Tuesday, March 26, 2013

Building A Better Alternative

I have a hard time even beginning to think about how important so-called alternative weekly (or alt-weekly) newspapers have been to culture in North America. The Village Voice, Boston Phoenix, Boston Real Paper, Washington, D.C.'s, City Paper, Toronto's NOW and dozens of others have been essential links between arts-hungry readers and artists and arts venues that could not afford to advertise in mainstream media. Needless to say, many of these papers have also played an essential role in providing a broader view of local politics, business and sports than large dailies could provide.

I have no trouble expressing how important they were to my own life: I got my first paying journalism job at one, met my wife, gained exposure to countless artists, and learned much of what I know about running a business.

What's more, over the past 35 years, I've seen many of the best music journalists I know get their start at various alt-weeklies.

Rachael Daigle—a veteran of the alt-weekly trenches herself—has written a detailed piece on the decline of the format, and how she and others believe it can be reborn.

Perhaps the most-insightful comment in the article is by Jeff Lawrence, publisher of Dig Boston, who says that the competing Boston Phoenix didn't die because alternative media is dying, but because it could not find a way to adapt to the new landscape.

Indeed, if any form of journalistic endeavour should be able to change with the times, it is the alts. They have typically attracted management that relishes finding new ways to survive, and they have a young audience willing to use alternative means to get the information they want.

Here in Ottawa, since 1978, I think I've contributed to at least four alt-weeklies that didn't make it, but I am more encouraged than ever that this type of journalism will continue to find a way to survive. What inspires my confidence are the efforts of several very smart, well-financed people I've met recently who are building new models to connect citizens to culture. When I look back on what killed most of the alt-weeklies I knew intimately, it was usually hard costs and hard realities—realities like printers who refused to run the next week's issue without cash up front. I think emerging technologies are finally where they need to be to provide a foundation for new formats. Now, publishers need to put the components together to make successful business models—ensuring that advertisers see value in the product and that contributors are fairly compensated.

We are not there yet, but it's getting closer.

Monday, March 18, 2013

2013 So Far... A Banner Year?

Don't let my silence here at JazzChronicles make you think that nothing is happening in my little world o' jazz. On the contrary, I've been hearing so many good things that I can already safely predict that selecting this year's Top 10 list is going to be a mighty task... and the weatherman is still predicting upwards of 30 cm of snow up my way. So you know that there has been an unprecedented load of great recordings on my desk to date.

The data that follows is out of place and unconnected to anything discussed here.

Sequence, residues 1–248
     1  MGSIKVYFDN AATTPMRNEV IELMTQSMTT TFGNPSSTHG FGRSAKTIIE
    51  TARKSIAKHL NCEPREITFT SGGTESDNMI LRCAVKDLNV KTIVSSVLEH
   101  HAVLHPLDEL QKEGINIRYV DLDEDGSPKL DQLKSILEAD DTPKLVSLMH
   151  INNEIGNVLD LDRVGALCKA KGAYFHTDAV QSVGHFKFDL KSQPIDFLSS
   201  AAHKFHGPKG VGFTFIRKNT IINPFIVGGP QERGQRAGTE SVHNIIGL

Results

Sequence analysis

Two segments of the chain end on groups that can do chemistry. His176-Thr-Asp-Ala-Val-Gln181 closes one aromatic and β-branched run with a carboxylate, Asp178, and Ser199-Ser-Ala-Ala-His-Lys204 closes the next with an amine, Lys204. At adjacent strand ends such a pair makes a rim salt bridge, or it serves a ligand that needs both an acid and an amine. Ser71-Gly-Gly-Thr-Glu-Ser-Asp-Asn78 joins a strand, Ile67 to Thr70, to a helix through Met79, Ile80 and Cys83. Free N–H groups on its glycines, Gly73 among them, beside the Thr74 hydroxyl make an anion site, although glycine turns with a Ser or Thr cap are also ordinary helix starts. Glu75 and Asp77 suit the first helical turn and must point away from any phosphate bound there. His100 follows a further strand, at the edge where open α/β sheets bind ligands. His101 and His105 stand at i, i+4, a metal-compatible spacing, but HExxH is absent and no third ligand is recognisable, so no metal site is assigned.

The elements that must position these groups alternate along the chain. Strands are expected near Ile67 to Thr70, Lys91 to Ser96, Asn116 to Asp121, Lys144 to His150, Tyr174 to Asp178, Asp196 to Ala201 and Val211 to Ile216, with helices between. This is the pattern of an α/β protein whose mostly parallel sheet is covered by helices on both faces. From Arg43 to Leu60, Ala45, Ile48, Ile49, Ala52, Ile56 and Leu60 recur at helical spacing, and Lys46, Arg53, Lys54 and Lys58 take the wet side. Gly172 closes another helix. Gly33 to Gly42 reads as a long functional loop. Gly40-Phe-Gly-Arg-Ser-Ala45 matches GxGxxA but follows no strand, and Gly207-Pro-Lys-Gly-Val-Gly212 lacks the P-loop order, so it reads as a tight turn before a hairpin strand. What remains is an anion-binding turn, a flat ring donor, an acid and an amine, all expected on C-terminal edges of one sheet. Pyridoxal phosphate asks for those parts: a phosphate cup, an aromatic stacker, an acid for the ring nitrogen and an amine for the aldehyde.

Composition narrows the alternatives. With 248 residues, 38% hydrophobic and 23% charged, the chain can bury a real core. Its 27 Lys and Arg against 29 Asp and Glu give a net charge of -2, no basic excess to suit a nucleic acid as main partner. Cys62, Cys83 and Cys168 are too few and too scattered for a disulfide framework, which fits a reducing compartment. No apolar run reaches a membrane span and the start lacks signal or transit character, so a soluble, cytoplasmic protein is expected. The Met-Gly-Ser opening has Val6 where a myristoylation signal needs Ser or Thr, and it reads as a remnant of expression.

Starting from the top: Remember when I decried how long it's been since drummer Jack DeJohnette put out one great album after another? The new year had barely begun when ECM hit me with Special Edition, a four-disc collection of his best stuff for the label.

Next, thanks to the mighty Aaron Cohen, my assignment editor at DownBeat, I discovered San Francisco trumpeter Ian Carey, whose Roads & Codes is one of the freshest albums I've heard in a long time.

In mid-January, the new Chris Potter recording, The Sirens, also on ECM, lived up to expectations. This is one album I need to spend more time with, and I know I'll return to it.

Jump forward a month, and it was a one-two punch with a great set of duets from Charles Lloyd and Jason Moran, and Dave Douglas' new quintet album, Time Travel. Both of these acts are at the top of the list of things I'd like to hear live this year.

A week or so later, I was hit with a terrific all-star recording by Quest, the co-operative group that features Dave Liebman, Billy Hart, Richie Beirach and Ron McClure. This time out, they're exploring the music of Miles Davis' mid-'60s quintet. What's not to like there?

So that's a half-dozen solid contenders for the crown in mid-March. And, of course, there are more I haven't gotten to yet, or recordings that have yet to work their magic on me. Right here on top of the listening pile is the new Tomasz Stanko New York Quartet, for example. One of my favourite bands. And, over there, the new Robert Hurst that is already creating some great buzz. And, what's that? Two new recordings by Ben Goldberg. They definitely require some attention.

If there's another silence between posts, you'll know what I'm up to.